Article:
Prologue - Wyoming, 1988
Heather’s grandmother lived in a ramshackle farmhouse with peeling paint and a crack in the front window. The first moment the building came into view, Heather thought, My grandma’s house is haunted.
Speckles was sitting beside her. She gathered him into her lap, digging her fingers into his soft fur. He licked her cheek.
Heather’s dad switched off the car’s engine. The roar died, but it kept making a quiet ticking sound. “Well, let’s go everyone.” He didn’t sound excited.
“Do we really have to go in there? Speckles doesn’t want to.”
“Your grandmother wants to meet you.”
“But I don’t even know what to call her.”
“Just go with ‘Grandma.’” Dad’s voice was tense. Mumbly. “You think I want to call her ‘Mom’?”
Heather couldn’t take her eyes off the slats of wood on the sides of the building. She imagined bugs crawling between the gaps. Clawed fingers reaching out. Her bladder felt too full, and she held her legs together.
Her mother turned around, giving her a stern look from the front seat. “We talked about this. Daddy needs you on your best behavior today. This is hard for all of us.”
“But you said Grandma barely knows what’s going on. So she won’t notice if I’m not there.”
The harshness of her dad’s tone made her jump.
“No more discussion. We’re going.” He got out and muttered a bad word under his breath.
Mom’s expression was sympathetic. “See?” she whispered. “Daddy needs us to be positive. I know you can do it. Speckles can, too. Right? Look, he’s smiling.”
Speckles was always smiling. But Heather did need to pee. They’d been driving for three hours since the last gas station stop.
“Okay. I’m coming.”
They got out, her dog trotting along beside her. Heather wrapped his leash tightly around her hand. Her palm sweated against the textured green fabric.
Her eyes moved up to study the windows as they approached. Curtains showed through the glass. Were they moving? Was somebody in there, watching?
At the porch, her dad stood in front of the door. He hadn’t knocked yet. “Tie Speckles to the railing. He can’t come inside.”
Heather started to whine, but another stern look from her mom quieted her. She looped the leash around and around the wooden porch railing.
A lady in nurse clothes answered the door. “Mr. Davenport, Mrs. Davenport. Please, come in.” She smiled down at Heather.
The inside of the house was dim. It smelled like medicines and the basement of Heather’s house back in Omaha. Musty. She covered her nose, but her mom grabbed her hand and pulled it down.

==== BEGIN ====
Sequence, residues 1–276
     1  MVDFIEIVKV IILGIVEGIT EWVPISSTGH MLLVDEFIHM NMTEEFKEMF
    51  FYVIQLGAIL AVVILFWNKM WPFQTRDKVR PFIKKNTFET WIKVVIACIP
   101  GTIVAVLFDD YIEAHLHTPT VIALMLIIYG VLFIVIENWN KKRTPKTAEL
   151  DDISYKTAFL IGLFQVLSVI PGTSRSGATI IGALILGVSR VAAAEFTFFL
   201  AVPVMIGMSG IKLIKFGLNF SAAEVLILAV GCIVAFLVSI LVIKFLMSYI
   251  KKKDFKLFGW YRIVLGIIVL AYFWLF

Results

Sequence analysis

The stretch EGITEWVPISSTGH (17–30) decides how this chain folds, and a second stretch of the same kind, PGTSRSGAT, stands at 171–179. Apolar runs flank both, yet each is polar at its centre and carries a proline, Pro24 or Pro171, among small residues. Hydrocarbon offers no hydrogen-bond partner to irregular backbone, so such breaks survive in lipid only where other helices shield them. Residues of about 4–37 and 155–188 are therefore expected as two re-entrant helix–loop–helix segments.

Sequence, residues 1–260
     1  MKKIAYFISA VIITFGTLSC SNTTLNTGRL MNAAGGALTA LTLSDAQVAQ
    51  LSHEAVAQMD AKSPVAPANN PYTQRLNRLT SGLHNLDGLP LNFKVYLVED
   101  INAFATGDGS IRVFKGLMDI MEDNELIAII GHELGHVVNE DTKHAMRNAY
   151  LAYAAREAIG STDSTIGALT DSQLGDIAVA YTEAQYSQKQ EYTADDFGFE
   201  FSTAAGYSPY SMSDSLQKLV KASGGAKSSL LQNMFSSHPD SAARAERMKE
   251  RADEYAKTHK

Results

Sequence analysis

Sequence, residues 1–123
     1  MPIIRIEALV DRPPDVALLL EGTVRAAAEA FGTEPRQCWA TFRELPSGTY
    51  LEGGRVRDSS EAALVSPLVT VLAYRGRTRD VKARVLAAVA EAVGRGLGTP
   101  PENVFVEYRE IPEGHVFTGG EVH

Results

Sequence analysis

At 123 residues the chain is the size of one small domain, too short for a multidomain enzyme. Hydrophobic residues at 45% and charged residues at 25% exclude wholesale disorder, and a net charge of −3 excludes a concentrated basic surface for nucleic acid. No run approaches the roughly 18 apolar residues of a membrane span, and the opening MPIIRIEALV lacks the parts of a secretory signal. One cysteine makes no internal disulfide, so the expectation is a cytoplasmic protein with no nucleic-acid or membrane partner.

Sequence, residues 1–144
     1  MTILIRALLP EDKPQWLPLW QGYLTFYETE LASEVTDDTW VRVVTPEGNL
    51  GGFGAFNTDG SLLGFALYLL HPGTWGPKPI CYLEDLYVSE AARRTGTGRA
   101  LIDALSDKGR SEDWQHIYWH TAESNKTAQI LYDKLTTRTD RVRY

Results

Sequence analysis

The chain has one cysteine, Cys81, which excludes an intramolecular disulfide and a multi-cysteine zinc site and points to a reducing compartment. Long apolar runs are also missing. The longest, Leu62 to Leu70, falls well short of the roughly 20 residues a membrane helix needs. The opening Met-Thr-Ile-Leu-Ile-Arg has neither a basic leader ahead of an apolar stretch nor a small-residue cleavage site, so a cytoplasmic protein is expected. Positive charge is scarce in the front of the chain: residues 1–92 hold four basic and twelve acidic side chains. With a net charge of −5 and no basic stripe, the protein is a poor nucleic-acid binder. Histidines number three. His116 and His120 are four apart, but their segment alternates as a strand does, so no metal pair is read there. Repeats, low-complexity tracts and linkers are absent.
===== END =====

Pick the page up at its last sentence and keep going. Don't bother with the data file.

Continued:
Heather was eight. Her third-grade class was memorizing their multiplication tables this month, and the teacher had promised that any kid to complete the task would get to have a McDonald’s Happy Meal. Heather thought about seven times four and three times nine as she shuffled behind her parents into a bedroom.
This room was crowded with furniture that looked like it came from a doctor’s office, bright and shiny and new, which was strange compared to the old-fashioned furniture elsewhere in the house. She’d seen yellowed and scuffed kitchen floors, and a stiff-backed sofa with button-studded cushions in the living room.
For a long time, Heather hadn’t even known that her dad had a mother. She’d understood that he did in theory, since everybody had one, but he never talked about her. Heather thought maybe the lady had died when he was a baby, or some other sad thing like in the books she sometimes checked out from the library. The books that were meant for way older kids—like fifth graders—except Heather was an advanced reader.
Then, about a month ago, the phone rang during dinner. Mom had gotten up to answer it in the kitchen. She’d looked shocked when she turned to Daddy and said, “Jonathan, it’s about your mother.”
Since then, Heather had learned in bits and pieces about her grandmother. How she lived on a horse ranch in Wyoming, and how Daddy had grown up there, too. Heather had been sad that she never got to ride any of the horses, but then Daddy had explained that no horses lived there anymore.
Heather’s father hadn’t liked growing up in Wyoming. Daddy hadn’t wanted to explain why, but Mom had whispered something about his father’s belt. Her daddy didn’t like the way his parents had treated him.
Heather got spanked every once in a while, but only with the flat of her mom’s hand. Sometimes Heather didn’t like that, either, except she still loved her parents and knew they loved her. She’d heard her parents whispering about how her grandpa had died, and Daddy hadn’t even gone to the funeral.
But now, her grandmother was sick and wasn’t going to live for very long.
Heather stared at the wrinkly, small woman lying in the bed in front of her. Then she looked over at her father, whose eyes were shiny though his mouth stayed angry. He was going to cry. It made Heather feel scared and like she was going to cry, too, simply because there couldn’t be any other possible reaction to her father shedding tears.
As soon as the grownups weren’t looking, she started backing away toward the bedroom door.